Ontario Bar Association Crossing the Line
THE MEDIA HAS RECENTLY BEEN FOCUSED on the issue of immigration ethics, with the attention on consultants, ghost consultants and non-governance within the Canadian Society of Immigration Consultants (“CSIC”). Not just Canada, but the entire world is indignant over the flagrant abuses and overt robbery of countless unsuspecting victims seeking immigration to Canada. I am referring, of course, to the many naive would-be immigrants who are swindled by “consultants” offering empty promises of immigration status. Some of these supposed consultants take large retainers (sometimes as much as $75,000.00, or more) and provide absolutely no legal service, but rather ‘pocket’ the funds and move on to another victim. Increased prosecution of unqualified representatives and higher standards of knowledge and ethics for ‘qualified’ representatives is desperately required.
It is my opinion that the government created more problems than it resolved when it spent millions of tax dollars creating an organization of immigration representatives which houses sub-standard disciplinary policies for a sub-standard group of representatives, and which we now refer to as CSIC. Many CSIC consultants do not have any formal legal training. They are now entrusted with representing clients in matters involving consideration of constitutional law and the Charter of Rights and Freedoms, international human-rights conventions, complex immigration statutory and regulatory provisions, and aspects of family, criminal and business law, inter alia. They appear in various immigration tribunals and appellate bodies, representing clients on matters involving human rights, civil liberties and the rule of law.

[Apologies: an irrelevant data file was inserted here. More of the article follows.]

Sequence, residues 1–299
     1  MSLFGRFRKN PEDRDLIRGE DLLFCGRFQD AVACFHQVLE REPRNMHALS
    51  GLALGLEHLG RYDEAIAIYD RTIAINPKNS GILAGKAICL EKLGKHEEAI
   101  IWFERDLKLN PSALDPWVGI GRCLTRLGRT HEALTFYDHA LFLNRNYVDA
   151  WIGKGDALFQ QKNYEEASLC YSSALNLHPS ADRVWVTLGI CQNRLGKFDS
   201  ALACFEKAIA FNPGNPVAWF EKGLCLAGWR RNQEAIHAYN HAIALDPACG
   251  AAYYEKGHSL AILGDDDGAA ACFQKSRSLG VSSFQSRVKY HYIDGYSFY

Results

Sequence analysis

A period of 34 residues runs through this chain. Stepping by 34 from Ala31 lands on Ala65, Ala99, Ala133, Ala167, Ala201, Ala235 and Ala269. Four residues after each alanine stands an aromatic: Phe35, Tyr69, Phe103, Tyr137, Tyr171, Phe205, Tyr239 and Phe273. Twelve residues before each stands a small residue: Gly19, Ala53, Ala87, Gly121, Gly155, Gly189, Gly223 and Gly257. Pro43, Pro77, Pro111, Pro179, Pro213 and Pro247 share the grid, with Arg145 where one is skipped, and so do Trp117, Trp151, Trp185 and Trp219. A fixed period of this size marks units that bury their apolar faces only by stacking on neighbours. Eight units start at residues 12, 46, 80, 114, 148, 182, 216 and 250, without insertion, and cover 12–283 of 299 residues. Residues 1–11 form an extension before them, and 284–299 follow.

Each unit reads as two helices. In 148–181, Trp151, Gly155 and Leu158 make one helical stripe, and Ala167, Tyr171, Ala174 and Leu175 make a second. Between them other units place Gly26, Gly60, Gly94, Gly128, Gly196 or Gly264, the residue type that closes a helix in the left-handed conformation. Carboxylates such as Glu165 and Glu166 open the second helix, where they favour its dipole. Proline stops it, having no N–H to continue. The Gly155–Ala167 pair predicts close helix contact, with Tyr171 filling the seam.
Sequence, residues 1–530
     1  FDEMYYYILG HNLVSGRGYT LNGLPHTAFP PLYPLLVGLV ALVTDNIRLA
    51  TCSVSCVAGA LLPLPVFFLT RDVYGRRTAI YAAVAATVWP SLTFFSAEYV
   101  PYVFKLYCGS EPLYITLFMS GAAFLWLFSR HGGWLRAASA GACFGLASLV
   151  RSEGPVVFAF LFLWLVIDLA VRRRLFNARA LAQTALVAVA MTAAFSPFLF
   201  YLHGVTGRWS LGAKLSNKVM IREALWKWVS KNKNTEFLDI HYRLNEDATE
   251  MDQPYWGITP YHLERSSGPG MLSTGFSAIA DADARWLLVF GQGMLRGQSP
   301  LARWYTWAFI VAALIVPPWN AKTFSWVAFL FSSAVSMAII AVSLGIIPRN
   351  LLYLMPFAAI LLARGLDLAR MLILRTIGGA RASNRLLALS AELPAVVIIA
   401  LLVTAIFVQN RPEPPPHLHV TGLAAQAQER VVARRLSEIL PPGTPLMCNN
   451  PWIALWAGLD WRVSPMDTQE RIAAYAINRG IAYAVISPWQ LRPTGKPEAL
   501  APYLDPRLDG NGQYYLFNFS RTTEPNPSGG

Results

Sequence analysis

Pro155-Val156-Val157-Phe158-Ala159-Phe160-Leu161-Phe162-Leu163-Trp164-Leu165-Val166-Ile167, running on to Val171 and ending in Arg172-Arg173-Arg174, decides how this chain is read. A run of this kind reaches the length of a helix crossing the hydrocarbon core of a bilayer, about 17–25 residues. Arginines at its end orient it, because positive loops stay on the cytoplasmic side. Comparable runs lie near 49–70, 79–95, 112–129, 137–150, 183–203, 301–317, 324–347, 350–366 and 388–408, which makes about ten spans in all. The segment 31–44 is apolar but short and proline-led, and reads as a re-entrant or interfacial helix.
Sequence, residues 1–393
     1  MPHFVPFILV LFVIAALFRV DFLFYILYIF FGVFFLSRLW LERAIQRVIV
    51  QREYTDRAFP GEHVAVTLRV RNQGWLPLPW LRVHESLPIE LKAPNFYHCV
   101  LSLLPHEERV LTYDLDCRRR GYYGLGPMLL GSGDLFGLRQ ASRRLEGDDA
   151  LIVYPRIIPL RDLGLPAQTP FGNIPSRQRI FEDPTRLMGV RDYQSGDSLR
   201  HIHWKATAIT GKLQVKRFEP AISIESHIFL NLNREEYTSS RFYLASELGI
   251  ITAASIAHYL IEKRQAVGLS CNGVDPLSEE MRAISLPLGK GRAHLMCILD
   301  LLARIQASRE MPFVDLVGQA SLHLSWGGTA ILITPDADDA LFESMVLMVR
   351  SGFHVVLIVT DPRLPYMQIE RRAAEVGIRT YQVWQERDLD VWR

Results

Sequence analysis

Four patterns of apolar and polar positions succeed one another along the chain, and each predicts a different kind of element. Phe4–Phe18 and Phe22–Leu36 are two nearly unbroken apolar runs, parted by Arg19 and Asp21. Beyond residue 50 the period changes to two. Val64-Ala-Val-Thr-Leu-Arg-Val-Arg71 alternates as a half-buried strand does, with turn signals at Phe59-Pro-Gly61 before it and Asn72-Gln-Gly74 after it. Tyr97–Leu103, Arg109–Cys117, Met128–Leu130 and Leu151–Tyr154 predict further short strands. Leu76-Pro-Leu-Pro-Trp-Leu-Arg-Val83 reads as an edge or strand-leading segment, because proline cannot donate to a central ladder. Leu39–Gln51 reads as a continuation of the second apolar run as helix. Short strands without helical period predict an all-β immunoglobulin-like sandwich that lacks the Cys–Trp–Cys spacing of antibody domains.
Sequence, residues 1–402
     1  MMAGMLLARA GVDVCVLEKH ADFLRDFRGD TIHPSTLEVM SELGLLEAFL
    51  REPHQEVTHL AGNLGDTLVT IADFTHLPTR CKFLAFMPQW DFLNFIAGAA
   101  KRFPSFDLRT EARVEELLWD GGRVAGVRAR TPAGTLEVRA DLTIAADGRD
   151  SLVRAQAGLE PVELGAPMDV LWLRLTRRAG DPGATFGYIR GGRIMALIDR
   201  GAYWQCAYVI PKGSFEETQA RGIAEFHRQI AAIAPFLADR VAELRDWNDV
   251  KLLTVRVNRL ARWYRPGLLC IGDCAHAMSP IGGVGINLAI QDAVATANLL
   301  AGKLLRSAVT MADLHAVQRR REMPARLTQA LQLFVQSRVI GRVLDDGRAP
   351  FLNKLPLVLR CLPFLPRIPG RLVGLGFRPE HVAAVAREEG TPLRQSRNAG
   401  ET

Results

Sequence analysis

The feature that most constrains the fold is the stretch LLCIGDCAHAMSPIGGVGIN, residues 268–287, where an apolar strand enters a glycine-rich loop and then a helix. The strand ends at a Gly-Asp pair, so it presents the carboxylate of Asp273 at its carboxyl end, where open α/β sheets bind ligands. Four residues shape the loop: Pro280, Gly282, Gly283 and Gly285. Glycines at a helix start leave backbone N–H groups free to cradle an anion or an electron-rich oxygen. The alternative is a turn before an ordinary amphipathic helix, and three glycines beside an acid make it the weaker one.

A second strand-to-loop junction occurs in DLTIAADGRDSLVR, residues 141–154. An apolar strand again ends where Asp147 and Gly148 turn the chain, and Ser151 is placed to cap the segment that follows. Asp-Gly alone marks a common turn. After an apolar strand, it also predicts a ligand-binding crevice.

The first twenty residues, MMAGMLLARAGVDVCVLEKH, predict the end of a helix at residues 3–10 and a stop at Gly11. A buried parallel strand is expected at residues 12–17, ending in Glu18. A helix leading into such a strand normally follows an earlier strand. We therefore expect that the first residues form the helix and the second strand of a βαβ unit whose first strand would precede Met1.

According to the 2009 report of the United Nations Development Program, Canada is a model for the rest of the world of how to accept new immigrants and migrant workers1.
Certainly, Canada’s highly complex and sophisticated immigration system, which is embedded with a plethora of specific immigration policies addressing issues from in-vitro fertilization to excessive demand in medical inadmissibility cases, has accorded Canada with the singular reputation as a world leader in the development of humane and rational immigration policy2. Immigration law in Canada is one of the most comprehensive, significant and far-reaching areas of federal and provincial law. It is an elaborate labyrinth of law, regulation, case law, process, procedure and appellate and judicial review avenues.